There’s also an elasticised strap for stopping your phone sliding around, along with a charging port.
In the back seat is a drop-down centre armrest which houses two cup-holders. And at 480 litres, the boot is big enough to cope with the family cargo.
ON THE ROAD
Driveability: Most diesel engines on the market are turbocharged, but the C 250 BlueTec’s mill has two turbochargers, enough to help the 2.1-litre four punch out 150kW.
Not bad for a relatively small diesel? That’s not even the half of it.
The extra boost has also bumped up the torque - 500Nm is the headline figure. That’s enough to help this C-Class get to 100kmh in 6.6 seconds.
The official consumption figure is a scarcely believable 4.5 l/100km. In our week of driving in mixed conditions, we settled on 6.7 l/100km.
Not bad, but to get it much lower, you’d need a large percentage of country cruising.
Off the line there is some lag, as you’d expect with such large outputs. Couple that with the stop-start system and pulling away from a giveway or stop sign can take longer than you’d ideally want to.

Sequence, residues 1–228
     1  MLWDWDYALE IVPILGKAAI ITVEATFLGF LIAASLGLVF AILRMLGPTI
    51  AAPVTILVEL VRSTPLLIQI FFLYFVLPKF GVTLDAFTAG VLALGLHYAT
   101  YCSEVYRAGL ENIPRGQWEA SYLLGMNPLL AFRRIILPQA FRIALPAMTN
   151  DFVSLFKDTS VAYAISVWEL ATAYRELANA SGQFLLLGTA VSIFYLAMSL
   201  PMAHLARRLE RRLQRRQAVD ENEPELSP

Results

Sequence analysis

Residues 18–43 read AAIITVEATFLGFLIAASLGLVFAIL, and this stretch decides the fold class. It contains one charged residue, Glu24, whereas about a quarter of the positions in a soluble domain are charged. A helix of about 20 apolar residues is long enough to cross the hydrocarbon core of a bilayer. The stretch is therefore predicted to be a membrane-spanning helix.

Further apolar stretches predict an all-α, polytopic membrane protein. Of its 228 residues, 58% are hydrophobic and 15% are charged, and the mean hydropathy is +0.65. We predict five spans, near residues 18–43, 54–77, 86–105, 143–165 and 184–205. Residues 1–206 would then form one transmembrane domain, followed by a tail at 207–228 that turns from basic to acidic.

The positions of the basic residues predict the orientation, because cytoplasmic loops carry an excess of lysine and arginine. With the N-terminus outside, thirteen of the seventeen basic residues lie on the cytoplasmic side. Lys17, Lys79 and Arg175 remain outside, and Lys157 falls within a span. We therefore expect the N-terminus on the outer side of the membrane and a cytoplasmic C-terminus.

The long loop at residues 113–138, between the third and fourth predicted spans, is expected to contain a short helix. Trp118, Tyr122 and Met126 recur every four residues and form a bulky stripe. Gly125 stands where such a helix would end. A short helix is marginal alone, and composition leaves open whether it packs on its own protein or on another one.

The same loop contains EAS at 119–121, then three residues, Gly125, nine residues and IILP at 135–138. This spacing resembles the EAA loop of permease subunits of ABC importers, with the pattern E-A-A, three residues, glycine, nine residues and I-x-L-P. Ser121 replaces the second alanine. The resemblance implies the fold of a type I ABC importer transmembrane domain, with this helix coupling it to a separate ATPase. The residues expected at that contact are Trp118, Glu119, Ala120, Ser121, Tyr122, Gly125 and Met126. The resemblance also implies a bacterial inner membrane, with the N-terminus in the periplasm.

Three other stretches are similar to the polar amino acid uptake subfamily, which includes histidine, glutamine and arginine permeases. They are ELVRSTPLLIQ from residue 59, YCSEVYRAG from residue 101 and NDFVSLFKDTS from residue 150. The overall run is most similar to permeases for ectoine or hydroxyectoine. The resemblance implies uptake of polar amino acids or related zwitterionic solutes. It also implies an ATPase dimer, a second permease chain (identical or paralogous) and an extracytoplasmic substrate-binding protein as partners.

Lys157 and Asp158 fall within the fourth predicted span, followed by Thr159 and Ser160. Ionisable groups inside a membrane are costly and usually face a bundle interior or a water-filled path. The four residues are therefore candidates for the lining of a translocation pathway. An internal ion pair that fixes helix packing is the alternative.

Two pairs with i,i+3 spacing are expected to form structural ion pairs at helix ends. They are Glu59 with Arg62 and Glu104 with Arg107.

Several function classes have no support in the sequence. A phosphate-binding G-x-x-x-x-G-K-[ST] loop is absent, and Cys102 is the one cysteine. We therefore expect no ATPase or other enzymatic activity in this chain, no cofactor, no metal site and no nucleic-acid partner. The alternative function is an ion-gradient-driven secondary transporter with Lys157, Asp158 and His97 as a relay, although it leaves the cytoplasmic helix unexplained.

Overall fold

When on the roll, however, the C 250 BlueTec is very punchy.
Overtaking on a highway is a pleasure, and even in the cut and thrust of city traffic, it simply luxuriates in its swell of torque.
The growl begins to build around 1800rpm; by the time you're seeing 2200rpm, it’s hustling along very quickly indeed.
Thankfully the seven-speed auto is good enough to make proper use of the engine’s outputs and it shifts gears with the smoothness you’d expect from a Mercedes-Benz.
Refinement: Given the C 250 BlueTec is a diesel, allowances have to be made. It’s never going to be the smoothest at idle and even during its stop-start sequence there can be a bit of shuddering.
At speed, however, the diesel smooths out and it feels just like the petrol version. And at speed, the cabin is very quiet, save a bit of tyre noise on rough surfaces.